Issue date: 11 March 2013
BLOODHOUND SSC Annual Lecture 2013
Date:20 March 2013
Venue: Frenchay Campus, UWE Bristol
BLOODHOUND SSC is well into its build phase, according to project director Richard Noble OBE. The Bloodhound SSC Annual Lecture 2013, taking place at UWE Bristol on 20 March, will highlight the building and testing of the supersonic car.
The aim of the Bristol-based project is to break the current land speed record and reach speeds of up to 1000 mph.
Richard said, “Progress is excellent, with the rear lower chassis currently being assembled in our Bristol workshops.
“The carbon composite monocoque, or single shell chassis, has been manufactured by URT Group in Bognor Regis and is being machined ready to be joined to the rear chassis.”
Product Design students from UWE helped to design the ergonomics for the cockpit which will carry driver Andy Green. Their work has helped Andy find the optimum driving position and layout for the controls. Assembly of the car will continue for much of 2013. UK runway testing up to 200 mph is scheduled for November, and the team will then head to South Africa in December to start high speed trials.
The 6 tonne car - 7.5 tonnes with fuel - will have to survive acceleration and deceleration loads of up to three times the force of gravity. It will run on a dry lakebed track in South Africa, where it will aim to break the current land speed record, held by Andy, of 763.035 mph.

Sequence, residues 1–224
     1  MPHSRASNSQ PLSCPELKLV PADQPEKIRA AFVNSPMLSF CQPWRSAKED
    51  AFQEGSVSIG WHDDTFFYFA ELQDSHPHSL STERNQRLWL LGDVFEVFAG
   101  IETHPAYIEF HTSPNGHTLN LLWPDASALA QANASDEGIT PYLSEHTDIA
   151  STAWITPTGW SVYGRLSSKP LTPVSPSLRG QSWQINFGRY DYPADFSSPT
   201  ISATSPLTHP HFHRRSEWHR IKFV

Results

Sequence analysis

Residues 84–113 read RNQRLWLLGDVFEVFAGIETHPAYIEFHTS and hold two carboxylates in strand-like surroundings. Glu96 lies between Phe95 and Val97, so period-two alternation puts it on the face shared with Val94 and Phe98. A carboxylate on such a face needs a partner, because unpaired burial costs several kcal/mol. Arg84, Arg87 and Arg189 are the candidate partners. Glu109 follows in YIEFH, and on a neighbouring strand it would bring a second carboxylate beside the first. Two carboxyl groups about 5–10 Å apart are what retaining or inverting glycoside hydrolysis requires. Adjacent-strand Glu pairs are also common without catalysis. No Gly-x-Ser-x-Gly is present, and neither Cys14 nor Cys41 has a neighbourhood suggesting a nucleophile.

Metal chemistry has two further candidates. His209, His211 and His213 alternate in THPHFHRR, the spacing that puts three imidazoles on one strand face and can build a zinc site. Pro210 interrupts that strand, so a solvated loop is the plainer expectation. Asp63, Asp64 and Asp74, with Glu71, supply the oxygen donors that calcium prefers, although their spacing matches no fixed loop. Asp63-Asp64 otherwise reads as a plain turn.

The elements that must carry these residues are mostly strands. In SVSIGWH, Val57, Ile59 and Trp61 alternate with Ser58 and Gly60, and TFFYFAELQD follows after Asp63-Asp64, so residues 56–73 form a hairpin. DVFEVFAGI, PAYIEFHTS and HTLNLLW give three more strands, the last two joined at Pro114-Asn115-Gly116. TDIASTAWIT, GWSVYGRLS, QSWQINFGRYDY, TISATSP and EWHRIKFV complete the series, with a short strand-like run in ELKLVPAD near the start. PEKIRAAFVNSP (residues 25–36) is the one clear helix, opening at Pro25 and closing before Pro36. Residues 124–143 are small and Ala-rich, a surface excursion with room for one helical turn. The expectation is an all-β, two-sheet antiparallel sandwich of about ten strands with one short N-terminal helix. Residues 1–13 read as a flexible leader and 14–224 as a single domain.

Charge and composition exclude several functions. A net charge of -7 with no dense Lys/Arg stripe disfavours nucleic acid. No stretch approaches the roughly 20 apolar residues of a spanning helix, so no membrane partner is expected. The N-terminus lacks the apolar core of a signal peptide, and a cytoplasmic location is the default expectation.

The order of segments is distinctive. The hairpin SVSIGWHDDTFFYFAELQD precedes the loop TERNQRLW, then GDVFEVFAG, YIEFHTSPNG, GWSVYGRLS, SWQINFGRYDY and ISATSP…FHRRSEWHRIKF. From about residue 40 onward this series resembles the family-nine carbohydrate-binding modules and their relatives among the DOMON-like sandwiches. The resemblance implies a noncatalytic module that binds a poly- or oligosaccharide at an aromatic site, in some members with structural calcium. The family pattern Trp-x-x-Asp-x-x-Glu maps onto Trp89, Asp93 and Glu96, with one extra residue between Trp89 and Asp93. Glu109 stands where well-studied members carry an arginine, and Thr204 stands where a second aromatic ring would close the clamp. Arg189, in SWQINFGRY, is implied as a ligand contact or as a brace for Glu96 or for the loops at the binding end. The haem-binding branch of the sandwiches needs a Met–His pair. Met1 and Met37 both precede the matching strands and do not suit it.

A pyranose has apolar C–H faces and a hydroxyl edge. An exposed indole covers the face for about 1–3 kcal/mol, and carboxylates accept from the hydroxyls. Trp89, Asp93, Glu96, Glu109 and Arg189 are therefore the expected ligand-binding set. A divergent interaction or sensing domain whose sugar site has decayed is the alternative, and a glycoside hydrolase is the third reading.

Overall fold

UWE is a founder sponsor of BLOODHOUND SSC, and is leading university level engagement in the project, developing materials and case studies for use by partner universities. The BLOODHOUND team is making all the data generated available for use in education.
Dr John Lanham, who leads the project for UWE said, “One of the key objectives of Bloodhound SSC is to raise interest in science, technology, engineering and maths (STEM) subjects amongst young people to meet future skills shortages in the UK economy.
“The project is using the technical challenges of designing, building and running a car that will raise the world land speed record to over 1,000mph or Mach 1.4, to inspire the next generation of engineers, scientists and mathematicians.”
Richard Noble was awarded the Honorary Degree of Doctor of Technology by UWE in 2010 in recognition of the alignment between the aims and objectives of the Bloodhound Project to inspire and motivate and UWE's vision to do likewise. He is also a Visiting Professor in UWE's Faculty of Environment and Technology.
For the full story and pictures on the building of the chassis please click here.
The lecture is one of the events being held at UWE to mark National Science and Engineering Week 2013. For a full list of upcoming events please visit the events home page.